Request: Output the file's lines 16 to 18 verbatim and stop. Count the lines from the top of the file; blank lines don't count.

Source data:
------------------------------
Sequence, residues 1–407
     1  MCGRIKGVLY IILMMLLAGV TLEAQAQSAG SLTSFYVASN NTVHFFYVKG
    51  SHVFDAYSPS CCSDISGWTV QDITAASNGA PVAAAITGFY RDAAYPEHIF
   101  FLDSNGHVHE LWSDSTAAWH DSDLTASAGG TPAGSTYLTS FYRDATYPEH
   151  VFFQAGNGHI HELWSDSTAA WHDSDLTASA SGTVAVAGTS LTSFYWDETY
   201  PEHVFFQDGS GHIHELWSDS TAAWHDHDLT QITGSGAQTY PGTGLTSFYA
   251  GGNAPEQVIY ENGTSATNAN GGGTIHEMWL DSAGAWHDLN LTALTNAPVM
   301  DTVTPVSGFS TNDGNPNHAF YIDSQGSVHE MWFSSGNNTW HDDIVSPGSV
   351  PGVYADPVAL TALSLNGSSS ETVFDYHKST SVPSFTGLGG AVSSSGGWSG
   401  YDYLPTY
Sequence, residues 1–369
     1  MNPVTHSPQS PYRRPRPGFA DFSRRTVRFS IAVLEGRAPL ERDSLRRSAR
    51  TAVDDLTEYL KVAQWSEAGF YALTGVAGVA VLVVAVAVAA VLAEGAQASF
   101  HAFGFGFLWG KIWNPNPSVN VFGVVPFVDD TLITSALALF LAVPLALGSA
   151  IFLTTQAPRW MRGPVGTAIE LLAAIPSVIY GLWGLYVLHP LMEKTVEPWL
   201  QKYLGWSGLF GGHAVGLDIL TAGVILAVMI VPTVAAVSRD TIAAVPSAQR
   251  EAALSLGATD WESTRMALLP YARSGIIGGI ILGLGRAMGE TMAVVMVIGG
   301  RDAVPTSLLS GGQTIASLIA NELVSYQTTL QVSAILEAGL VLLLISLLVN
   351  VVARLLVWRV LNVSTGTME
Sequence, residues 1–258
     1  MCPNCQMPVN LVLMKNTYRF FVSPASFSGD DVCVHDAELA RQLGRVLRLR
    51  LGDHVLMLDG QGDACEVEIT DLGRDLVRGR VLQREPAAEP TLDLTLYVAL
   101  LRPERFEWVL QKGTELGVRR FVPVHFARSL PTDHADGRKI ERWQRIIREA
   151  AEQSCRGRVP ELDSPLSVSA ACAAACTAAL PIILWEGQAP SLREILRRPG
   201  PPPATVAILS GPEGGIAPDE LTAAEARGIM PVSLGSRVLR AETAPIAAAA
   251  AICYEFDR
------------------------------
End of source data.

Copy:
   201  QKYLGWSGLF GGHAVGLDIL TAGVILAVMI VPTVAAVSRD TIAAVPSAQR
   251  EAALSLGATD WESTRMALLP YARSGIIGGI ILGLGRAMGE TMAVVMVIGG
   301  RDAVPTSLLS GGQTIASLIA NELVSYQTTL QVSAILEAGL VLLLISLLVN